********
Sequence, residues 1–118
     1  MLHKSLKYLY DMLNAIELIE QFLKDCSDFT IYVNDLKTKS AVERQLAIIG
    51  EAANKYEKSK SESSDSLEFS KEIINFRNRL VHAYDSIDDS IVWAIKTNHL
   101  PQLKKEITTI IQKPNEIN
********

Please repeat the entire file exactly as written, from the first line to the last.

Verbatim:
Sequence, residues 1–118
     1  MLHKSLKYLY DMLNAIELIE QFLKDCSDFT IYVNDLKTKS AVERQLAIIG
    51  EAANKYEKSK SESSDSLEFS KEIINFRNRL VHAYDSIDDS IVWAIKTNHL
   101  PQLKKEITTI IQKPNEIN